I’m an inherently honest person. To many people, I’m likely too honest. I’m the one in the room saying the things, coaxing out the elephant, acknowledging reality if someone must do it. I’m the one posting on social media about being admitted into the psych ward or that my house has a gross fly infestation.
You might think honesty is a static, concrete thing one can count on. I’m here to say–even for the painfully honest–it’s not. It is many things, but reliable is not one of them. There are parts of being so honest that are easy to recite as universal truths: it’s vulnerable as hell, it’s scary as fuck, it takes an incredible toll, it’s isolating, and it brings people together. These are truths for me each time I’m incredibly honest, be it with my therapist, in my marriage, within a friendship, in the workplace or, yes, on social media.
What I want to talk about today are the times I’m not honest. The spaces in-between the candidness and it’s subsequent vulnerability. I’ve noticed there are these times when I will get quiet. When I lose the words I feel obligated to say and, if I’m in-tune with myself, realize I don’t actually want to say them at all. I know I’ll be ready someday, but I’m not ready now. What is it about these times? What do they have in common?
I recently finished reading Playing Big by Tara Mohr. In it she describes Leaping as a life tactic to take one from being stuck in perpetual preparation for greatness and instead taking immediate strides towards significant, often long-held and close to the heart, goals in one’s life. I recognize leaping as something I’ve recently, somewhat innately, learned to do in my life as I focus on creating more space for intuition and bravery, less for fear and longing.
When I leap I tend to do one of two things: tell as many people as possible right away (Oh Facebook, you are so good for this) or tell no one. I’ve come to recognize that I’m most comfortable with after-the-fact honesty. It’s still vulnerable and brings tons of personal shit up, but it’s cleaner, safer, and usually slightly more socially acceptable. It’s mostly wrapped up and therefore packageable. Sometimes it’s even a little bit of a one-upper. Like, you thought everything was just swimming along? Nope, I was actually doing this lately! Or battling that! Ha?
I’m not a liar. Even if I recently published an article declaring I was living a lie. I’m not a liar, but I do get quiet. I get quiet for appropriateness, for necessity, and out of fear. Sometimes in those times of quietness I begin to lie by omission. I lied by omission about relapsing into my eating disorder for four years. No one ever directly asked me, and I never could find the courage and words to say. I lie by omission when I knee-jerk respond that “I’m good”, or “doing well” or “fine” when the actual current state of my life is anything but. I lie by omission when I portray a highlight reel of my life without including the painful parts, ugly underbelly, and/or often agonizing opportunities for growth.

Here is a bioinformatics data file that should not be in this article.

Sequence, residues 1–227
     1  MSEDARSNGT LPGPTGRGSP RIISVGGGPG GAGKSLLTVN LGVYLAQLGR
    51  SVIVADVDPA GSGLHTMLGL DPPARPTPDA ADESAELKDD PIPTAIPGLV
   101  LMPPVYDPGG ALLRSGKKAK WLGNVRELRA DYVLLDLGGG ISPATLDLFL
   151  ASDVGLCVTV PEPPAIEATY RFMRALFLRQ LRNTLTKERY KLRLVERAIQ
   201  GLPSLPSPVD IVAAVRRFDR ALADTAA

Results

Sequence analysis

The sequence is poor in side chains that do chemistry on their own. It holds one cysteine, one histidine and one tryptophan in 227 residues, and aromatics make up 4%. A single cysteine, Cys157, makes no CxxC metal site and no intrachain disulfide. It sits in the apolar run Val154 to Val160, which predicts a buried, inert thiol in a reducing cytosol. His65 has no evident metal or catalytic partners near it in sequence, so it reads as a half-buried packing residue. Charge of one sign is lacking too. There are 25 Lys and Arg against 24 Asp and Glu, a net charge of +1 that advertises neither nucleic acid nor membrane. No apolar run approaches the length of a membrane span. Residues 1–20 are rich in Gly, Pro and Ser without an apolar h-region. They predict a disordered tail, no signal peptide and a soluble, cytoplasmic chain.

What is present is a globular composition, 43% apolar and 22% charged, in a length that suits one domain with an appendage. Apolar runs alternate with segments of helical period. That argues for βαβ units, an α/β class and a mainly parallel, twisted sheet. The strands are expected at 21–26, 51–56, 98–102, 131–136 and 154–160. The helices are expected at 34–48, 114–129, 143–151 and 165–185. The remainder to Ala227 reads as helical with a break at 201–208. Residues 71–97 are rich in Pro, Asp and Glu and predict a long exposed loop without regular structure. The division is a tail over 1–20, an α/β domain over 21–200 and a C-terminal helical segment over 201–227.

What I consider a form of lying, you may not agree with. That is okay. I know that I am an exceptionally honest breed in this world and these are the standards to which I hold myself.
That is why the silence when I leap troubles me. It sticks in the back of my mind like an unbudging to-do. I need to say something. I need to dispel the fear around this by bringing people in with me. And, perhaps most consuming, I need to be authentic. Right now.
It’s the eternal step before the ever-after. Saying something. Speaking.
I recently took a large leap that might not even be considered a proper leap, but stay with me.
I went off my bipolar meds.
I haven’t even talked much publicly about being bipolar, about carrying this label that I don’t fully resonate with, but definitely have been experiencing the daily realities of for the past year. I’ve talked a bit about cycling through manic and depressive states. I talked about life on serious psychiatric medication and the side effects, pharmacy runs, and astronomical costs that go along with. I talked briefly about the month I went off of Lithium and quickly re-experienced intense suicidality and self-harming urges signalling that drug as an important part of my daily regimen. Oh April, weren’t you cute and annoyingly indicative.
And yet, here I am. Almost two weeks off Vraylar, the new miracle drug that replaced both my anti-psychotic (Latuda) and the oh-so-important Lithium. Here I am, remembering the nine years I managed life without pharmaceuticals. Here I am, alternately filled with trepidation and excitement. Here I am, being so honest it hurts.
Right in the middle of the leap.
Right when I’m not sure what’s going to happen next. Right in the space where it’s hard to speak.
I’m speaking. I don’t have anything to hide. I haven’t done anything wrong. I want nothing but the best for myself and my family.
And, I need. I need support now as much as ever. I need to be seen more fully and perhaps even understood. I need to break the silence while things are good and hopeful and I am strong and sure, because that may not continue to be the case. A scary fucking reality if there ever was one. My current reality.
I’m trying to practice being more honest and authentic in my life as a whole. What I find from this exercise is an emphasis on the times when that is not possible. And there are many. It took me over a week to screw up the courage to tell anyone in my real life I’d stopped taking those little blue-white pills. More often than you would think there are things I desperately want to tell my husband (or family, or friends, or…) that I can’t find the words or the space or the starting spot for. And so, silence. And so, distance. And so, pain. I don’t expect this to necessarily go away some day. But I do expect myself to take tangible steps toward lessening it.
Like this one.